mtex - LaTeX-like file format for describing man pages



This document describes mtex, a file format suitable for describing formatted man pages. The programs mtex2html(1), mtex2man(1), and mtex2tex(1) are filters that convert mtex documents into HTML-, man-, and LaTeX-formatted documents suitable for viewing with a World-Wide Web browser such as Netscape(1), with nroff(1)/troff(1) (using the man(7) or man.nopage(7) macro packages), and with latex(1)/xdvi(1) respectively.

The mtex file format is loosely based on LaTeX, but it contains far fewer commands and is somewhat fragile. Like LaTeX, mtex commands are introduced by the \ (backslash) character, and command arguments are delimited by curly braces { }. Mtex also uses \begin and \end commands to bracket environments. Some commands have multiple arguments, in which case the arguments are specified like this:

In such cases, the arguments may be separated by arbitrary whitespace. Unlike LaTeX, braces are not used in mtex to delimit scopes; they are used only to delimit arguments.

Except where noted below, the filter programs parse mtex files as a sequence of whitespace-separated tokens. The programs for viewing the resulting output files automatically fill paragraphs, so how the input is divided into lines is generally unimportant. There are a few exceptions to this rule. For example, certain commands must start at the beginning of a line, and text within the verbatim environment is not "filled" or justified.

The mtex commands may be divided into two groups: running commands and line commands. The running commands may appear anywhere in running text. The line commands must appear at the start of a new line, and they generally cause a line break in the output.

The running commands are:

The line commands are:

Input Characters

Any character is legal in an mtex file, but five characters are special.

Commands in mtex begin with a '\' (backslash) character, and have arguments enclosed by { braces }. The backslash character is also used to escape other characters, as described below. Hence, these three characters are special. Braces that do not delimit arguments may appear in your input. However, to include a closing brace in the argument to a command, you must escape it as described below.

As in TeX, double-quotes are indicated by pairs of single quotes: the input ``hello'' produces "hello". Hence each of the single quote characters is special. Stand-alone single quote characters may appear in your input (for example, as an apostrophe in a conjunction or possessive). However, to produce two consecutive single quote characters like ``this'', you must escape the characters as described below.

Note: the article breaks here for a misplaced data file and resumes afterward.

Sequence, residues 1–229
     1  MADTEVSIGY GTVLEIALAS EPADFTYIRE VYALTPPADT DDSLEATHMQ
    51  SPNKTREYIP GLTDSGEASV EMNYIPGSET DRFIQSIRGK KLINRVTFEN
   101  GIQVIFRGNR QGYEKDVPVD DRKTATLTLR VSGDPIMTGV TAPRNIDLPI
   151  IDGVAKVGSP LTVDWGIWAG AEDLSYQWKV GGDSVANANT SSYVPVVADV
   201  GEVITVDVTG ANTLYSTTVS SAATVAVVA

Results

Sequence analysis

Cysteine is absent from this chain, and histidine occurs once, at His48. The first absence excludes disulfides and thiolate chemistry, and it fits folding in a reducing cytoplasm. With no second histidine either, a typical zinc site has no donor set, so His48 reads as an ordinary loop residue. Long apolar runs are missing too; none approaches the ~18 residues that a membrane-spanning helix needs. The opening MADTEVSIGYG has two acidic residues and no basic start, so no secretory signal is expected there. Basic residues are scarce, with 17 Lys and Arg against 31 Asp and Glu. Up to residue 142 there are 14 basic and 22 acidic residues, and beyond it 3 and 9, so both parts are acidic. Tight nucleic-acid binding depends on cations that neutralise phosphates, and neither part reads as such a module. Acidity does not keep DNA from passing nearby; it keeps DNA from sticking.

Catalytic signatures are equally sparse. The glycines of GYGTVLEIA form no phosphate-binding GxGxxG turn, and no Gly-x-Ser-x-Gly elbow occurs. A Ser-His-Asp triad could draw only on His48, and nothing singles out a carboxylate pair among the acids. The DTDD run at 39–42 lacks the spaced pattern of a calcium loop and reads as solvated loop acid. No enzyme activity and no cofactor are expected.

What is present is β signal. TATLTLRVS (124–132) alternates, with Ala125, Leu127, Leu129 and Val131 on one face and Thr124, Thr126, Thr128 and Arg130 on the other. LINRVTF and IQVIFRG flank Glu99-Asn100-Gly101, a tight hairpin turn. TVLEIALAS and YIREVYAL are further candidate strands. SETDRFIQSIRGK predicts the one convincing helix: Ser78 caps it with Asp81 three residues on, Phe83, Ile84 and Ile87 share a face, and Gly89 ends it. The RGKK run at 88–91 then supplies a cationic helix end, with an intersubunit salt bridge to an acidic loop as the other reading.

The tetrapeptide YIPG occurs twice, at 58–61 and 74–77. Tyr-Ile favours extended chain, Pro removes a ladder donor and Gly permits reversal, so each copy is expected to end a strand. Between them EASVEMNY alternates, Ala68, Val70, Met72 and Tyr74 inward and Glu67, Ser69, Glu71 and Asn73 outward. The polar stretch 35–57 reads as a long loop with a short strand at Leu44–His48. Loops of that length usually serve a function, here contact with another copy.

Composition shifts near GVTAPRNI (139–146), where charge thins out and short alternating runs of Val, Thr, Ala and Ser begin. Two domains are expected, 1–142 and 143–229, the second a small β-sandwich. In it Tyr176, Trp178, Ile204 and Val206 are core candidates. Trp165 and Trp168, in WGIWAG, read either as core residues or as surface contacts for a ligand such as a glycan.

Each of the five special characters may be escaped with the backslash character itself:

The escape for the left brace character is not strictly necessary; it is provided only for symmetry.

You are advised not to use the double-quote character in your input, since there is no way to reliably specify this character in nroff input. In particular, double-quote is known not to work in the arguments of the \manpage and \section commands. Use `` and '' wherever possible.

For each output format, certain additional characters are special. For example, in HTML, the "<" character is special; to produce it in an HTML file for viewing, you would have to write "&lt;". Each of the filter programs translates the characters that are special for its output format automatically, so mtex2html(1) will in fact convert the input "a < b" to produce "a &lt; b" in the HTML output.

To include one of the output-specific characters in the output without translating it, you can escape the character with a \ (backslash). However, since such escape sequences are output-specific, they are only allowed in the output-specific environments described below.


Lines beginning with the % (percent) character start comments in the input file. All characters from the percent character up to and including the first newline character are ignored.

To include a percent character in your output, simply make sure that it does not appear at the start of an input line.


Paragraphs in the input are separated by one or more consecutive blank lines. Both mtex2html(1) and mtex2man(1) produce a single blank line in the output at the start of a new paragraph; mtex2tex(1) indents the first line of the new paragraph without skipping a line.

Typeface Commands

The mtex format includes commands for typesetting short bits of text in a bold, italic, or typewriter typeface:

The syntax of these commands is slightly different from standard TeX, since the arguments are expected to be short, and only one alternative typeface should be used at a time.

Typeface commands may be nested, but the output will probably not be what you expect. For example, the input \it{one \bf{bold} word} will most likely set the words "one" and "word" in an italic typeface, but the word "bold" in a bold roman typeface, not a bold italic typeface.